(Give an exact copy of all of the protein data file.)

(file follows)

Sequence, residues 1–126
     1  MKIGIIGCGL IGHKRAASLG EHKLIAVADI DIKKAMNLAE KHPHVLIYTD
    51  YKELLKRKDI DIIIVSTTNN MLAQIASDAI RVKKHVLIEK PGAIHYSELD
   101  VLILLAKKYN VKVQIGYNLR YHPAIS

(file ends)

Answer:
Sequence, residues 1–126
     1  MKIGIIGCGL IGHKRAASLG EHKLIAVADI DIKKAMNLAE KHPHVLIYTD
    51  YKELLKRKDI DIIIVSTTNN MLAQIASDAI RVKKHVLIEK PGAIHYSELD
   101  VLILLAKKYN VKVQIGYNLR YHPAIS